How can Ukraine fix its cus­toms ser­vice?

Kyiv Post Legal Quarterly - - News - By koven­sky@kyiv­post.com

The Ukrainian cus­toms ser­vice is de­crepit and cor­rupt, ob­struct­ing business and suck­ing rev­enue out of the govern­ment.

Ac­count­ing for Hr 263.6 bil­lion ($10 bil­lion) of in­come for the 2017 bud­get, which an­tic­i­pates $27 bil­lion in rev­enue, the govern­ment es­ti­mates that cor­rup­tion in cus­toms de­prives the govern­ment of nearly $2 bil­lion per year. The coun­try made Hr 202.3 bil­lion ($7.78 bil­lion) off of cus­toms rev­enue in 2015, ac­cord­ing to the Fi­nance Min­istry.

Ukraine’s cus­toms ser­vice does not only col­lect im­port and ex­port tar­iffs – the agency, which falls un­der the State Fis­cal Ser­vice, is also tasked with col­lect­ing value-added tax and ex­cise pay­ments on im­ported goods.

Now, with the govern­ment of Prime Min­is­ter Volodymyr Groys­man set­tled in af­ter 150 days in of­fice, many are clam­or­ing for re­form in the area.

In­ter­na­tional Mone­tary Fund chief Christine La­garde sug­gested that pass­ing new leg­is­la­tion in the area would be key for the coun­try’s “medium-term sus­tain­abil­ity,” and per­haps for re­ceiv­ing the next in­stall­ment of IMF loans – which now stand at roughly $7 bil­lion out of a po­ten­tial $17 bil­lion un­til the start of 2019.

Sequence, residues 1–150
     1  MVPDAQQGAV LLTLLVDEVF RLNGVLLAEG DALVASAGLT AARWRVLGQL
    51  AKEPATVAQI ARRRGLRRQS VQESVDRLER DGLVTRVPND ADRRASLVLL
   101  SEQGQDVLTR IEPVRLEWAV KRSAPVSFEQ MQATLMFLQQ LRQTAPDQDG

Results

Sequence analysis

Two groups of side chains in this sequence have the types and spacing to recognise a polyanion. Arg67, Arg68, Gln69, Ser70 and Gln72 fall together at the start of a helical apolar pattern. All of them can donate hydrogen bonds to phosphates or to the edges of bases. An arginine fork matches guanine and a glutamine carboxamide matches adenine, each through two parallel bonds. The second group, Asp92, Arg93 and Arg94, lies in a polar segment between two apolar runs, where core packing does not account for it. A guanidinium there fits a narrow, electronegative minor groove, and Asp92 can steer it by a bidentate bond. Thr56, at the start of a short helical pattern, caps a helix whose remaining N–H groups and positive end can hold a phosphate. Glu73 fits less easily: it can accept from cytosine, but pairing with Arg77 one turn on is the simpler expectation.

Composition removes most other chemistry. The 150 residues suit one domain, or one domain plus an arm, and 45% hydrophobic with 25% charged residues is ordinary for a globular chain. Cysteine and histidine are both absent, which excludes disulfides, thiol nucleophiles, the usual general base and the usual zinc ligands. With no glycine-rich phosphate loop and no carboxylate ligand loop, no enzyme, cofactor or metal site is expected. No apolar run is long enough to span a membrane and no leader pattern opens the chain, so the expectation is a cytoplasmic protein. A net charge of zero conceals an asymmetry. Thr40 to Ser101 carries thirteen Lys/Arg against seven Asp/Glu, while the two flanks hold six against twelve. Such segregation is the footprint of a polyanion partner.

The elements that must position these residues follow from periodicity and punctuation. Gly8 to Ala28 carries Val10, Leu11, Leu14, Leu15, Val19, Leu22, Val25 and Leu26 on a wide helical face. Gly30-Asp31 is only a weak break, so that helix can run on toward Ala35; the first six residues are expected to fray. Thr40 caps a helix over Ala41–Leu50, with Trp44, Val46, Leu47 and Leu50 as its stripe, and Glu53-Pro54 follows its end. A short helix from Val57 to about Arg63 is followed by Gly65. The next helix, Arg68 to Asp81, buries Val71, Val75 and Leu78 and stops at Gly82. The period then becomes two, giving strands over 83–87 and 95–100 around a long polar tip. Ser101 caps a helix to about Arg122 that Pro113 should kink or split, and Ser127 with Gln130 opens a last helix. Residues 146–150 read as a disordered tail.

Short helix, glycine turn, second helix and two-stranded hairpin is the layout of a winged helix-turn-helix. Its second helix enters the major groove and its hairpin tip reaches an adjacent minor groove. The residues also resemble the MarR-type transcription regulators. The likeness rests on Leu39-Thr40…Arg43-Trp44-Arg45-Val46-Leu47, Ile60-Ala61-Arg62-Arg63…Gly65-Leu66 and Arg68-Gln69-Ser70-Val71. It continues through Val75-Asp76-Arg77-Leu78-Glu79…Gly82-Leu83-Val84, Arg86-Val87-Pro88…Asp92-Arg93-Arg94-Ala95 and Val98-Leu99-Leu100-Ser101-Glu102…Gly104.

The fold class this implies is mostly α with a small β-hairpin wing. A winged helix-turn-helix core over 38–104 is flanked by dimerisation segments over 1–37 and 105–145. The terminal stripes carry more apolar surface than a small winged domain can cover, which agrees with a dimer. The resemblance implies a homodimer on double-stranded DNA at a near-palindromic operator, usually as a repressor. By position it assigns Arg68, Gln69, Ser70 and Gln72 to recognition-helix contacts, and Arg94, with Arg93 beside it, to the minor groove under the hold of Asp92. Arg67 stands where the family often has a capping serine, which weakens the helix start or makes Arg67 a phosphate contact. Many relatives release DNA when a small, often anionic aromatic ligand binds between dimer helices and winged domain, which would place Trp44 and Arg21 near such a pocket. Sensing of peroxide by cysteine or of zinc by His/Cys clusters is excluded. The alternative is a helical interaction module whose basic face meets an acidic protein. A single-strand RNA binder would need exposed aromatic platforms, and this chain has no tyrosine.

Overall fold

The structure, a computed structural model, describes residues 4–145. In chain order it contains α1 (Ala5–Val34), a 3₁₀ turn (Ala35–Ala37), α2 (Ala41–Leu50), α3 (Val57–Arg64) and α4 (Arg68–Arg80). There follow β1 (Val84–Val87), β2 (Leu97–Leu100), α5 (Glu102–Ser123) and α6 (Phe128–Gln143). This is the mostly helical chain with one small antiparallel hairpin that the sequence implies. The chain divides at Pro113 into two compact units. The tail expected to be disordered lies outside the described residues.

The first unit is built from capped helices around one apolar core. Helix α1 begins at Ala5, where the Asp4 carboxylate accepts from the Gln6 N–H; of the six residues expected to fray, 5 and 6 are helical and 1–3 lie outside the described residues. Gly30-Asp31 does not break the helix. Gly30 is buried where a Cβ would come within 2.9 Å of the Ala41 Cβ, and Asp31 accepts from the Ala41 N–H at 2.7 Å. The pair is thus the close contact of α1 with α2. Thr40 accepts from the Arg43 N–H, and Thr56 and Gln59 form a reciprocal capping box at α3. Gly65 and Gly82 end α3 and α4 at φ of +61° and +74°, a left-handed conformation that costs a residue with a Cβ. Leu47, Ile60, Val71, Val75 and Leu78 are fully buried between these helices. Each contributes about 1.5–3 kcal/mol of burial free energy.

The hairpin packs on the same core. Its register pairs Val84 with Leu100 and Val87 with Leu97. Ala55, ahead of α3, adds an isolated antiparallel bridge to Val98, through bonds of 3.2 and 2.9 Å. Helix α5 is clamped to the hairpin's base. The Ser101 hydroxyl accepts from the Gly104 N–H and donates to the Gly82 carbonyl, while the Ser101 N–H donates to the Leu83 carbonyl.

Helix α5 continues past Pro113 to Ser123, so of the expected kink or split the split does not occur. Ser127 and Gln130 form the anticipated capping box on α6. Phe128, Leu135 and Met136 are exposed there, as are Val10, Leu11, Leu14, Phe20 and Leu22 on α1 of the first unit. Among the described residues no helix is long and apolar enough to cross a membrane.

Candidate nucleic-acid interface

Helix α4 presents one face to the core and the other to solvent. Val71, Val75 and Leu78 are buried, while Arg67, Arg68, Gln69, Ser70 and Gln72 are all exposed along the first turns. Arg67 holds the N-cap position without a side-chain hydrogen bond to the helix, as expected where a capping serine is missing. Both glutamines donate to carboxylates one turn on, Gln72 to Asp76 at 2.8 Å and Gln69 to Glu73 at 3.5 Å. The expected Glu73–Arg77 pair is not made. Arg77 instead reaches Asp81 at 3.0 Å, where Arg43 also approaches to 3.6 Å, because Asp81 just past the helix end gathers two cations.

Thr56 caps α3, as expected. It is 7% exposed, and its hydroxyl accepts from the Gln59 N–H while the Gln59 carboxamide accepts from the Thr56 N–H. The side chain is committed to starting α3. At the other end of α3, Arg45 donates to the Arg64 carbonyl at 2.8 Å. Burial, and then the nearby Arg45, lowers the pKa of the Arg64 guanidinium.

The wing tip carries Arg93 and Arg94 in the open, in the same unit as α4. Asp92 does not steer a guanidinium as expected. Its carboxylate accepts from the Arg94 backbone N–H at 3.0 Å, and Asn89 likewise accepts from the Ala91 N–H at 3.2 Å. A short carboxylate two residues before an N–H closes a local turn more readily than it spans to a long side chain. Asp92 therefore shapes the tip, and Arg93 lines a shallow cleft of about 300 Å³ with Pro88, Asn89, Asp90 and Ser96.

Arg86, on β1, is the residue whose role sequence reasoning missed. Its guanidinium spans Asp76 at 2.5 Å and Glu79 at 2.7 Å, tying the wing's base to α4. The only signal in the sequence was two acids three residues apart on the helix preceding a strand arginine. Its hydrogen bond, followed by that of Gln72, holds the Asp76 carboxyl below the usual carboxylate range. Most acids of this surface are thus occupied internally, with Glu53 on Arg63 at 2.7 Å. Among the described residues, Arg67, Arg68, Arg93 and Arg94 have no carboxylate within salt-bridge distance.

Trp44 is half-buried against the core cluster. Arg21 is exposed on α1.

“The fo­cus should be on im­prov­ing tax and cus­toms ad­min­is­tra­tions,” La­garde said.

due to smug­gling and cor­rup­tion in the tax ser­vice is im­pos­si­ble to es­ti­mate.

“Many goods go to­tally around the sys­tem, so it’s im­pos­si­ble to say pre­cisely,” said Niko­lai Larin, project man­ager at the As­so­ci­a­tion of Im­porters and Ex­porters. Larin added that the amount of money the cus­toms ser­vice sub­mits to the state bud­get is only about half of the rev­enues that would be col­lected if all goods passed through cus­toms.

Groys­man said in April that the govern­ment loses up to Hr 50 bil­lion ($1.9 bil­lion) due to cor­rup­tion and smug­gling in cus­toms, cit­ing un­named ex­perts.

Other prob­lems in cus­toms are sim­i­lar to those that af­flict the rest of the civil ser­vice. Cus­toms of­fi­cers are paid salaries as low as $150 each month, for ex­am­ple.

“When your daily earn­ings could out­strip your monthly le­gal earn­ings, then the temp­ta­tion is great,” said Te­tiana Ostrikova, a Samopomich Party mem­ber of par­lia­ment on the tax and cus­toms pol­icy com­mit­tee. Ostrikova added that one “hoof” (cus­toms of­fi­cials’ slang for money earned off the books) would reg­u­larly add up to $150 or $200.

Another is­sue stems from the abil­ity of im­porters to de­clare their goods at any cus­toms point they de­sire, and not the point at which the goods phys­i­cally en­ter the coun­try - a sys­tem that al­lows peo­ple to deal with cus­toms of­fi­cials with whom they may have de­vel­oped a fa­vor­able re­la­tion­ship. Since re­gional cus­toms of­fices often do not share data, it also means that cus­toms of­fi­cials will not nec­es­sar­ily know which goods have phys­i­cally passed through their port.

Lack of in­for­ma­tion about cus­toms per­vades the govern­ment due to a quirk in Ukrainian law that re­stricts all cus­toms in­for­ma­tion to within the State Fis­cal Ser­vice.